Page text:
With the letters painted out, David began to rig the edges of the banner. Some of the paint was on too thick so I went around and fanned out the thicker bits. Then, around 6:00 the General Assembly meeting began over on the corner of the bocci ball court. The kids that were camping didn’t come over. The facilitators showed us the hand motions to use for certain ways to communicate during the meeting. I think there were about 10 hand motions. I got lost after about six of them and then my graphic designer brain kicked in. “Wouldn’t it be nice to have a poster of all the hand signs?”

They started off with announcements, the most important one being a letter from the City Government. The person giving this announcement asked the campers to come over. Maybe a dozen of them did. From my recollection, SFFD doesn’t like the battery power and it must go by Monday. Health Officials gave a list of seven things that campers must do to remain on site. These demands all revolve around being clean. No signs of food, human waste, animal waste, etc at all in the area! A federal animal agency was going to inspect the animals on site but wouldn’t “rat anyone” out.

Then there were announcements in support of the Occupy SF encampment. A union was trying to set up WiFi for the camp. There was a 24 hour bathroom somewhere being offered. Recology had offered recycle and compost bins and they needed to be put on the curb by 10am for pick up. An engineer was trying to figure out how to power the camp without batteries, but needed $1,500 to do so. A private donor had offered to treat all the animals on site.

So I left the GA meeting excited about the banner and the general turn out for the day. There were at least 100 people at the meeting when I left. Being a realist, I am concerned that the kids who ware camping will not be able to keep things clean. Though things felt fun and jubilant, I do not think that they are focused enough to meet the City’s demands.

Word was out down there that the Oakland government has threatened to raid Occupy Oakland. I began tell people that Oakland was going to apply the “San Francisco Model” to clear out their park. In one of the announcements, San Francisco asked Occupy SF to leave the plaza so they could pressure-wash. Occupy SF declined. Twice now, SFPD has raided the encampment and taken their bedding, tents, and tarps. I am sure that cities around the country are working on models to do similar actions against their Occupy encampments. Oakland appears to be in the later stages of their first raid, based upon the San Francisco Model.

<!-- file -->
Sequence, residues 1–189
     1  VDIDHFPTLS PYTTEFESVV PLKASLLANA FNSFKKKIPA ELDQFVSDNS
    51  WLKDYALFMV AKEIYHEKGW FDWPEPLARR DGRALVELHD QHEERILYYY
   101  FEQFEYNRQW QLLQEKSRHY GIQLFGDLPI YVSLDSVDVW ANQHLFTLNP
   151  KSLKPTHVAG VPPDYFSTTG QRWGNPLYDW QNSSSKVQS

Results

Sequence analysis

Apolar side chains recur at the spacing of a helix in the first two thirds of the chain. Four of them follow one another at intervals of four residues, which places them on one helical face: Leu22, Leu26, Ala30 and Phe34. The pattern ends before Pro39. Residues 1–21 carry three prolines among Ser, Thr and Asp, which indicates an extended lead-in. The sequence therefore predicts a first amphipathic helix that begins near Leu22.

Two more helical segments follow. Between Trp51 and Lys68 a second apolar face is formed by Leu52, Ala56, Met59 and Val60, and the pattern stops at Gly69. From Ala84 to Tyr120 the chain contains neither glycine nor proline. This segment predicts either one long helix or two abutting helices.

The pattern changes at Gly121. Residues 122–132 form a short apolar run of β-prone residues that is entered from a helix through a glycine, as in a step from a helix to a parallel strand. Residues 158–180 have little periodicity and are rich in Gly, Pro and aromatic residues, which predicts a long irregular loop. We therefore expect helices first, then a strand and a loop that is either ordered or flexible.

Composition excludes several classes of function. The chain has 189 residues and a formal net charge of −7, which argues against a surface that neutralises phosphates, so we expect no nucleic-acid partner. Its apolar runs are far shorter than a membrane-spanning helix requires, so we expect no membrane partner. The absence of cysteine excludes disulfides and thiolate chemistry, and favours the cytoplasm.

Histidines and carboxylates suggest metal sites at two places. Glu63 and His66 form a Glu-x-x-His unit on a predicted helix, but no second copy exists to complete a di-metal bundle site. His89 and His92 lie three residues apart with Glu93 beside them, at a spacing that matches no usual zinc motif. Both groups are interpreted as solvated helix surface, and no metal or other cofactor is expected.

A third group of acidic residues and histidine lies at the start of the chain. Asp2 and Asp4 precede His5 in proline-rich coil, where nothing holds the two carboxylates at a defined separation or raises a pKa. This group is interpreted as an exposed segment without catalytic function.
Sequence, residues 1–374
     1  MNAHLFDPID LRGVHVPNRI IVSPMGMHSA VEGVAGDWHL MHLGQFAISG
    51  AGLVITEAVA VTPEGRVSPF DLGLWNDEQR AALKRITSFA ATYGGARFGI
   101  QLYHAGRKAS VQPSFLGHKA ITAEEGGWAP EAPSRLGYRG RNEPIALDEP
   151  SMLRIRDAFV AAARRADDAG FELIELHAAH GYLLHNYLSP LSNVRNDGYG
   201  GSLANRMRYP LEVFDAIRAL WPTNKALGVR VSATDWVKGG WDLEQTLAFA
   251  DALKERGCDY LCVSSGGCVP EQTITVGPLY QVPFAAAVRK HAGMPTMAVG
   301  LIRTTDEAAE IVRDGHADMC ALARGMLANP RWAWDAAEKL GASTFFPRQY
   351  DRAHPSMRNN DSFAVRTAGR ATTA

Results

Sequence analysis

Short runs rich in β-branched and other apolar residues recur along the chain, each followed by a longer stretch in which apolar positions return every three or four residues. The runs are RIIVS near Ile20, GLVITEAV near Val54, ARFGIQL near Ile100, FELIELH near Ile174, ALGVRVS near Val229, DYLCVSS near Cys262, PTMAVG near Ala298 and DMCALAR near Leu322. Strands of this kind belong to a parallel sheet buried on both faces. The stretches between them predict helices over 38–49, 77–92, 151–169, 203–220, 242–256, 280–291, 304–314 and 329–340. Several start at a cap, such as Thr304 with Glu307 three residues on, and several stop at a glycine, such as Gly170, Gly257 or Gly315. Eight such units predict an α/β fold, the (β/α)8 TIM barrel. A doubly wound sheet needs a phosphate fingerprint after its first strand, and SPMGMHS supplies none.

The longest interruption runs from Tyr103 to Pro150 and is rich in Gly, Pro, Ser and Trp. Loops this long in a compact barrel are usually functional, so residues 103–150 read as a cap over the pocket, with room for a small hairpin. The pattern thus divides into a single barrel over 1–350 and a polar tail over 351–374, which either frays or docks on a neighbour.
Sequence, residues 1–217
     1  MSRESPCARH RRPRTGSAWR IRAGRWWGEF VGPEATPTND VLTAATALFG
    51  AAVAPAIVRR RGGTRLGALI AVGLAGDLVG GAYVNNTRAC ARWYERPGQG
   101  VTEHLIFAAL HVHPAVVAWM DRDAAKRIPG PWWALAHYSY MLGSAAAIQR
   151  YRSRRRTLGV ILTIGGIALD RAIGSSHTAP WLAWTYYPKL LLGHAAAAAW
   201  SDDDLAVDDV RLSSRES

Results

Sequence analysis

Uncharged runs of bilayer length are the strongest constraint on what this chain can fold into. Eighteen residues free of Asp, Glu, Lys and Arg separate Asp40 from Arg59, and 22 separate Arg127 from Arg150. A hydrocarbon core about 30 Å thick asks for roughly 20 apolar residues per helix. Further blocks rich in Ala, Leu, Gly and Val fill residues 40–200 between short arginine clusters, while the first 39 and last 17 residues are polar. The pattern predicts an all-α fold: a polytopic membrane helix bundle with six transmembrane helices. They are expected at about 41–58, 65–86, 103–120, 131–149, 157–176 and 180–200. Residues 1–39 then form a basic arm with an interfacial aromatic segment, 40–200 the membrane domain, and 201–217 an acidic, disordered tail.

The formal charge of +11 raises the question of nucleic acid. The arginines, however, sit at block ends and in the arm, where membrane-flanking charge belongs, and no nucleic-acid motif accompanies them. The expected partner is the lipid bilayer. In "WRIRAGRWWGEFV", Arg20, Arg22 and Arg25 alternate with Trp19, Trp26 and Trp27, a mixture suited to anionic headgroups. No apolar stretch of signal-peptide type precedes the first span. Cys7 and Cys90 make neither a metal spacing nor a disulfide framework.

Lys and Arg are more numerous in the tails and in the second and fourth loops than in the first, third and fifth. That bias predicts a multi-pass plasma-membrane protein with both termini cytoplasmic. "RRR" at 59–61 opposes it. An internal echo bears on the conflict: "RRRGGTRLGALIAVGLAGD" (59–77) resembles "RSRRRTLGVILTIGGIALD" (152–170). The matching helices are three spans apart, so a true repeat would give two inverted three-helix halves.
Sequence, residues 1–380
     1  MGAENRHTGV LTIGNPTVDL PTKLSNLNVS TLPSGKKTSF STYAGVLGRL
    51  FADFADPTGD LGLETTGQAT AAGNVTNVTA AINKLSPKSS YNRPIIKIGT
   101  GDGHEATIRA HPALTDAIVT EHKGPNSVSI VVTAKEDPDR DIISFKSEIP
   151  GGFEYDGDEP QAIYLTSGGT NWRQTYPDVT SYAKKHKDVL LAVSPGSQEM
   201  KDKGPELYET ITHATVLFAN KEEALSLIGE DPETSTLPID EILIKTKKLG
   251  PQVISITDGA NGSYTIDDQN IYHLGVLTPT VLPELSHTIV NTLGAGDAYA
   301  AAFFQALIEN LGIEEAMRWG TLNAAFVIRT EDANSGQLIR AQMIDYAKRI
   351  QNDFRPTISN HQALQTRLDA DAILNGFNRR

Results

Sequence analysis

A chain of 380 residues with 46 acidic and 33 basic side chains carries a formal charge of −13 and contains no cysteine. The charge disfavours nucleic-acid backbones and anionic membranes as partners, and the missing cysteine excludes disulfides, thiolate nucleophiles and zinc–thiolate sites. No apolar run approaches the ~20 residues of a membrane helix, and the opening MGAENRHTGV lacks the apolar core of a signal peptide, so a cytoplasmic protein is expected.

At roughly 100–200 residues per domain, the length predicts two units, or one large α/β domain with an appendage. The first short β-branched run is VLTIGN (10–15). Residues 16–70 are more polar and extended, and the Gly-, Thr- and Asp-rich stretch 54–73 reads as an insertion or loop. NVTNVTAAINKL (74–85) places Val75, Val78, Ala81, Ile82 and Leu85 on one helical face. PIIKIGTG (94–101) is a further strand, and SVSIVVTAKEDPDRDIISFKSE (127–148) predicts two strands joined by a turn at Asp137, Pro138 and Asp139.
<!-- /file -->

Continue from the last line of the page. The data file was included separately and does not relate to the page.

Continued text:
The San Francisco Model appears straightforward: inspect the camp, give the campers demands, assume they haven’t met the demands, warn the campers, and then raid the camp late at night when not many people are watching. Make sure all communication is in writing, on paper, so that any future litigation will have a paper trail to prove/refute facts. And, most importantly for San Francisco, have a mayor who doesn’t seem to be concerned about any political repercussions after the raids.

I hate to end this post on a down note, but I always get hard feelings after leaving actions and protests. While about 200 people sat in on Occupy SF, I biked down Market Street and saw thousands of Americans on Powell Street. Mostly unaware of what was happening in Justin Herman Plaza, these folks went about their weekend like they always do. Every time I leave a protest, in a few blocks, people are oblivious to the serious attempt to make the world a better place. Tonight, I wondered why the 99% of the 99% were shopping, dining, going to movies, and drinking while a sliver of the 1% of the 99% spent their time in a GA meeting, painting signs, and protesting the inequalities of the current state of our nation.

The population swells over the weekend, but when 2,000 out of 800,000 march, I always wonder how those numbers can flip. It has done so in Argentina (earlier in this decade), and most recently in Greece and Spain. But I can’t figure out how to make this happen in the USA. I’ve seen it once, just before Bush invaded Iraq, but it wasn’t sustained.

I guess that hope must be involved for any future growth in this inspiring Occupy movement. So, instead of ending this post on a down note, I have hope that the 99% will represent itself in the near future. I hope that they take their money out of the huge banks and put them into local institutions. Local is the key word! I have hope in local mutual aid and support.

Let’s see what happens….